Wire your bike for the lat­est tech

Pre­pare your ma­chine to ac­cept the lat­est tech­nol­ogy


1 Charge while you ride

Many mod­ern bikes come with a USB charg­ing point as stan­dard, but if you’ have an older bike you can retro fit a socket so you can charge while you ride. By pur­chas­ing a spe­cially made mount, you can use your smart­phone as a sat­nav, which can be a much cheaper al­ter­na­tive to pur­chas­ing a ded­i­cated unit.

Whip off body­work 3

To keep things look­ing neat and also to pre­vent snag­ging, you should run your new ca­bles along­side the ex­ist­ing loom. To do this you may need to re­move some plas­tics, for ex­am­ple this SV650 needed to have the side­pan­els and the head­stock cowl­ing re­moved in order to ex­pose the stan­dard loom. Take care not to lose any fas­ten­ers.

Lo­cate the power 2

First find the bike’s bat­tery as this is where your power out­put leads will con­nect. On most bikes, like this Suzuki SV650, the bat­tery is un­der the seat. Iden­tify which ter­mi­nal is pos­i­tive, this will usu­ally have a plus sign and a red lead at­tached to it, mean­while the neg­a­tive ter­mi­nal fea­tures a mi­nus sym­bol and will have a black lead run­ning from it.

Recce your route 4

Po­si­tion the USB socket in roughly the right place at the front of the bike then thread the wire back along the route of the wiring loom to the bat­tery. It’s es­sen­tial to fol­low the rout­ing of the loom pre­cisely when go­ing in be­tween the forks and yokes. Ca­ble tie the ac­ces­sory wire to the loom at reg­u­lar in­ter­vals to keep things neat.

Po­si­tion and se­cure 5

With the lead routed and se­cured all the way back to the bat­tery but not yet con­nected to it, you can put the USB socket into its fi­nal po­si­tion. This Op­ti­mate USB lead kit (£19.99) is a ded­i­cated lead for bikes so has a weath­er­proof cap and small tie-down points on the sides to fix it.

Make the con­nec­tion 7

Now con­nect the lead to the bat­tery – this kit also comes with a wire to con­nect the bat­tery to a trickle charger for ease of main­te­nance, so con­nect this at the same time. Th­ese ac­ces­sory ca­bles are marked with the cor­rect colours and sym­bols to en­sure you don’t mis­tak­enly con­nect them to the wrong ter­mi­nals. Tighten the ter­mi­nals firmly with the leads at­tached.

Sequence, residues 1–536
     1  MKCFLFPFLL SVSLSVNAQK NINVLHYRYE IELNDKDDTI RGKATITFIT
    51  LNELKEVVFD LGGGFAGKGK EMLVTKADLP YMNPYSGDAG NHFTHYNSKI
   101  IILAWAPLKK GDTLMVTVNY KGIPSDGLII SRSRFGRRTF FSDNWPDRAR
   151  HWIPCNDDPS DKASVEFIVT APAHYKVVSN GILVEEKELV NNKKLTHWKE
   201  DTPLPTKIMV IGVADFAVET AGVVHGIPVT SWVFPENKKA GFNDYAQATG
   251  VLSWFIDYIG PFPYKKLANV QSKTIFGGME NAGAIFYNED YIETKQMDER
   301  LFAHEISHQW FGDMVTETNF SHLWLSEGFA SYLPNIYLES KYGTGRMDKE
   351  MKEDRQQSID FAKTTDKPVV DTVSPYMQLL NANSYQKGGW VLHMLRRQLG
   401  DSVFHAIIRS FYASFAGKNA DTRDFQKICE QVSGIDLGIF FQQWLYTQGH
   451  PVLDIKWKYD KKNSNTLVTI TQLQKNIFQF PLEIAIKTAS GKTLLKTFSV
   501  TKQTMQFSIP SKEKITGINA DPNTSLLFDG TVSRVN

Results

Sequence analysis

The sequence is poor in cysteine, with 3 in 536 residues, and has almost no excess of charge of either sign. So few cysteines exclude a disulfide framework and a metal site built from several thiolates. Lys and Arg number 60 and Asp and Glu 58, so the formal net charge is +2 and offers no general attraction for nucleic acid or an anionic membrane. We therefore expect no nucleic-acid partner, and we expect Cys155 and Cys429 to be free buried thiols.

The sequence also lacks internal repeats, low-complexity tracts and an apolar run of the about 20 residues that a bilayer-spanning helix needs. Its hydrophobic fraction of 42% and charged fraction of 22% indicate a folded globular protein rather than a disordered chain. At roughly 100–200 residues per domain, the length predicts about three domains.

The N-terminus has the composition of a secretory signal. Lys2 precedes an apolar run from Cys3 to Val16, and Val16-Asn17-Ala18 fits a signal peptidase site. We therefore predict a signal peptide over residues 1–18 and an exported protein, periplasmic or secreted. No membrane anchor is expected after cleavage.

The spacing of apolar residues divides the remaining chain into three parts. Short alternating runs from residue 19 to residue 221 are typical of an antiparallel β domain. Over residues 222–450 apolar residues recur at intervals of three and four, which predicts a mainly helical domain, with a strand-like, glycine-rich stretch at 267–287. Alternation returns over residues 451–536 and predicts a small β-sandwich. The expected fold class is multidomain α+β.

Get dressed and recheck 9

With ev­ery­thing in place, re­fit any side­pan­els and cov­ers, giv­ing your hand­i­work a quick vis­ual check as you do so. Be sure to check the route of the wiring and that the pan­els do not squash or chafe any of the wires when re­fit­ted. If there are any parts of the lead that are sag­ging use ad­di­tional ca­ble ties to se­cure them prop­erly.

Choose your cra­dle 6

There are loads of phone cra­dles avail­able; this ba­sic, univer­sal one comes with a se­lec­tion of mount­ing brack­ets to al­low it to be fit­ted on dif­fer­ent types of bikes. When mount­ing the cra­dle, check that the steer­ing still goes from one lock to an­other with­out it hit­ting fair­ing pan­els or brack­ets.

Po­si­tion your port 8

Route the bat­tery charge lead away from the bat­tery to a place that will give you easy ac­cess to con­nect it up to a trickle charger in the garage. Th­ese Op­ti­mate con­nec­tors are weath­er­proof so don’t have to be tucked away out of sight un­der a panel; be­neath the sub­frame or above a footrest hanger are good lo­ca­tions.

Who’s a smart charger? 10

This bike-spe­cific USB socket has a smart con­troller that mon­i­tors the volt­age from the bat­tery and will au­to­mat­i­cally shut off if it de­tects a drop in volt­age that will pre­vent the bike from start­ing. With ev­ery­thing fit­ted, check the op­er­a­tion of the socket mak­ing sure it charges the de­vice, then do a fi­nal check of the charg­ing socket for the bat­tery.

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